Beekeepers of Ethiopia rely upon forest nectar sources to produce honey as a staple of their agriculture. They are planting highly erodible volcanic slopes of the Bonebunga Area of western Ethiopia in trees to restore land previously cleared for planting crops. They protect the forests from poaching for firewood and building materials by “social fences,” imaginary protective fences built in the minds of those served by the forest. The third replacement forest is a Wetland Reforestation Project on Peace Farm on a tributary of the Mississippi River. We planted native hardwood trees to prevent soil erosion. Today’s picture shows native oaks, hand planted from seed, competing for sunlight. Bayou ridges include nectar source plantings to support honey bees.

Thursday, December 6, 2012

Moisture in Honey

A Memphis beekeeper is concerned that his honey may not store safely. If honey is fully ripened, the bees have completely converted flower nectar sugars and evaporated the moisture to about 18 percent. At this point, the worker bees cap the cells with fresh beeswax; and the honey will last forever. This honey may be harvested and stored safely. The surest way to determine that honey is ready to harvest is to examine the honeycombs and only harvest frames that are almost completely capped. It is important for beekeepers to remember that honey is “hygroscopic,” which means that it readily takes on moisture. Harvested frames of honey may take on moisture from the air after they are removed from the hive. The beeswax cappings are somewhat porous, so even fully capped frames of honey may absorb moisture from the air. Honey house dehumidifiers protect honey before it is sealed in air-tight containers.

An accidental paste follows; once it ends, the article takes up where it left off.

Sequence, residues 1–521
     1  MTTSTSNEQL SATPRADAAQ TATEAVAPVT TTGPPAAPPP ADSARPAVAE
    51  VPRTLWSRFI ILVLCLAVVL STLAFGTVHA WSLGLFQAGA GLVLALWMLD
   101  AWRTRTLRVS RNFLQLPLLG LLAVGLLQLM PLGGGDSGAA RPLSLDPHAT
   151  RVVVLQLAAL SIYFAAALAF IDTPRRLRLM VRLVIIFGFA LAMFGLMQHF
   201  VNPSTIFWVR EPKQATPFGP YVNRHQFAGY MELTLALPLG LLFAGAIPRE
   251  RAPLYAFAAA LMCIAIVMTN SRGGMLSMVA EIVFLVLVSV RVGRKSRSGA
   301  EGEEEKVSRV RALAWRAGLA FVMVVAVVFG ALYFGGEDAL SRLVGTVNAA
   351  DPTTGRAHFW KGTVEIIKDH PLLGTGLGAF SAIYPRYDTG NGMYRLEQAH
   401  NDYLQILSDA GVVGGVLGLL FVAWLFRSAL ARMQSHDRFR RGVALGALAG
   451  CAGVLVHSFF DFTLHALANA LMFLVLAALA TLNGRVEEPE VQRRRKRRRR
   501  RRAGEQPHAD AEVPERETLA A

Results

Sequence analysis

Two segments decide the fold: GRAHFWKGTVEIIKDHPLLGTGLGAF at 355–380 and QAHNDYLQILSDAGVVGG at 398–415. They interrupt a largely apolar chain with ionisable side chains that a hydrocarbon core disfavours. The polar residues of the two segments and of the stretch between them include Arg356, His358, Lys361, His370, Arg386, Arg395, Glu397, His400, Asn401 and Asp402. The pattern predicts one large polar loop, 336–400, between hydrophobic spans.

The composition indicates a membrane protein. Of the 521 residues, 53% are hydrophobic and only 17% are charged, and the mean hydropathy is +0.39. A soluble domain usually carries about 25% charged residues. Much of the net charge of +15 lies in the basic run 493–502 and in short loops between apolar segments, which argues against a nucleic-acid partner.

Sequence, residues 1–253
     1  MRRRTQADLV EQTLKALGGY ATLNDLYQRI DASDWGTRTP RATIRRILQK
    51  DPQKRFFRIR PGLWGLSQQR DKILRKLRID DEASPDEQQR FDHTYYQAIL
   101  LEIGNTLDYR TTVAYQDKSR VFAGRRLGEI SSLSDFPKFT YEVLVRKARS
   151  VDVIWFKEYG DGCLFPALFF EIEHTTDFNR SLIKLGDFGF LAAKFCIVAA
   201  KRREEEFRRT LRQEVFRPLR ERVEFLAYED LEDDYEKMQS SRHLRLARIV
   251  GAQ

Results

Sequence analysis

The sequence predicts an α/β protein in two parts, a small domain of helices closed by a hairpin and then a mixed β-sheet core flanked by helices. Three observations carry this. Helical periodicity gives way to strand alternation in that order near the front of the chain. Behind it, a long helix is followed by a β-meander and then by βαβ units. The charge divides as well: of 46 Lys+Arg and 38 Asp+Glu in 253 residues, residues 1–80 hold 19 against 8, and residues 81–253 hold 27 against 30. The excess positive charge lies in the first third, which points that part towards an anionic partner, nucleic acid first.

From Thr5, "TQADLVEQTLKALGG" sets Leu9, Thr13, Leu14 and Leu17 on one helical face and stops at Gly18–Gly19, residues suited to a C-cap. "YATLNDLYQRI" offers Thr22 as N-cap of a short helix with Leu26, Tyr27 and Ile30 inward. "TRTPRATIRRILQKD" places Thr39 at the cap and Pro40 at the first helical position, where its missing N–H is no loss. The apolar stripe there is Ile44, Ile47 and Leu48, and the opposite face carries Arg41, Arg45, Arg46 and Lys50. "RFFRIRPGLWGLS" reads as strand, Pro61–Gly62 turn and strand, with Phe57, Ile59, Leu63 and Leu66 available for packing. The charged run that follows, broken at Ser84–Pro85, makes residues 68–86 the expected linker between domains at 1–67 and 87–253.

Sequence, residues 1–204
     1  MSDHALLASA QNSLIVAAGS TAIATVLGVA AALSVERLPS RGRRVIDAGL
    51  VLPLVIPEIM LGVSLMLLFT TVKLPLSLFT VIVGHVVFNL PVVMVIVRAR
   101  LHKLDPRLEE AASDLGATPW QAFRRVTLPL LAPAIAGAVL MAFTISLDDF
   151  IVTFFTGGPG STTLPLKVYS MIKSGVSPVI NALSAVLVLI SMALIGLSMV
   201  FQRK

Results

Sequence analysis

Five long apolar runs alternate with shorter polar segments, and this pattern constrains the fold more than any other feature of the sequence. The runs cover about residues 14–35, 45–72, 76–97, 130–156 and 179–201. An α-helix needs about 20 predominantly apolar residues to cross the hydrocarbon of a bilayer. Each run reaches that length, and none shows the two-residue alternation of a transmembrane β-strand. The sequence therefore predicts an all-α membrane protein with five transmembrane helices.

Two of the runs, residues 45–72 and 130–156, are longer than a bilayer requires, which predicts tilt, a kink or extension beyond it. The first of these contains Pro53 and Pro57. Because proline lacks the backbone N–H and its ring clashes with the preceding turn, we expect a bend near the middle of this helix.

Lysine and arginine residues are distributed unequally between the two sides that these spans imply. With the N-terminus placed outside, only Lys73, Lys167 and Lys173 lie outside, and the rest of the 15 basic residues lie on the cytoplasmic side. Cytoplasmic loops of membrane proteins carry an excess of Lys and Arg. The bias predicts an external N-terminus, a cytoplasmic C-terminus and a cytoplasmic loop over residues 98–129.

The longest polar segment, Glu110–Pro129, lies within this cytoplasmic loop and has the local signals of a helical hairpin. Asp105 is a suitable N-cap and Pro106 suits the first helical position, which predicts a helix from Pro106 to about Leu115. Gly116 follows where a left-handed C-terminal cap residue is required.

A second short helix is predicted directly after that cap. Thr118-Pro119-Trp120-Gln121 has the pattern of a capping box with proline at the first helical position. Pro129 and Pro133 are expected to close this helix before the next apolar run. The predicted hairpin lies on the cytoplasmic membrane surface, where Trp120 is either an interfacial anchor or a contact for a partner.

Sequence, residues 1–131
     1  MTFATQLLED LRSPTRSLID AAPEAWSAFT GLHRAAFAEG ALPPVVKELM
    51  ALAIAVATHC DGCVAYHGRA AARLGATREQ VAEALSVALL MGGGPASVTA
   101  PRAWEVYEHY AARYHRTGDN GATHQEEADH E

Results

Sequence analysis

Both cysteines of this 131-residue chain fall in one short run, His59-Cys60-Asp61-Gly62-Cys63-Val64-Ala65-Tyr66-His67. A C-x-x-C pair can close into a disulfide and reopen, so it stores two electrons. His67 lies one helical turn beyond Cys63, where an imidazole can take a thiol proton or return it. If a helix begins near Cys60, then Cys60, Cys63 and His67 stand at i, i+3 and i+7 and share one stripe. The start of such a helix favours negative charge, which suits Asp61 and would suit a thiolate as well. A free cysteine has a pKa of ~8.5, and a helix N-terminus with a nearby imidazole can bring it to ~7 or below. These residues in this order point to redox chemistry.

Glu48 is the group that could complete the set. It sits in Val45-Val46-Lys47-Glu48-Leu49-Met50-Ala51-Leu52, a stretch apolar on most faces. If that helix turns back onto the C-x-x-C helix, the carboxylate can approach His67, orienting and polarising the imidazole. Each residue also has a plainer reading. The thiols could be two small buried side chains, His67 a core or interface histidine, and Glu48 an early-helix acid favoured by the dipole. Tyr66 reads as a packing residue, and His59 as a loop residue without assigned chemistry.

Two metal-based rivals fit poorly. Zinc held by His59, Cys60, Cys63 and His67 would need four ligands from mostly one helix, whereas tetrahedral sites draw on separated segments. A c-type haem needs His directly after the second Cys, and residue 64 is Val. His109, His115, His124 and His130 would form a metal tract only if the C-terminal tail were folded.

All honey contains yeast spores from the atmosphere and from environmental surfaces. Honey with a moisture content above 19.5 percent will likely ferment. To prevent fermentation, most commercially handled honey is heated to pasteurization temperature of 150 degrees Fahrenheit and held at this temperature for 30 minutes to kill the yeast spores. Beekeepers test the honey with a refractometer, a simple device that measures the bending of light passing through the honey. If high moisture honey is stored, it has a tendency to ferment. Fermentation readily occurs as honey naturally crystallizes. Crystallization reaches a maximum as honey cools to 57 degrees Fahrenheit. Crystals start forming at the bottom of the honey container, and lock-up the sugar solids. Honey with excess liquid at the top of the container ferments. Honey with 16 to 18 percent moisture content will last indefinitely in sealed honey pails or drums. Beekeepers who want to bottle highly sought-after raw honey that has not been overly heated carefully measure moisture content and only bottle honey with moisture of 18.5 percent or less. Today’s photo: capping honey.

Saturday, December 1, 2012

What Happened to the Hive?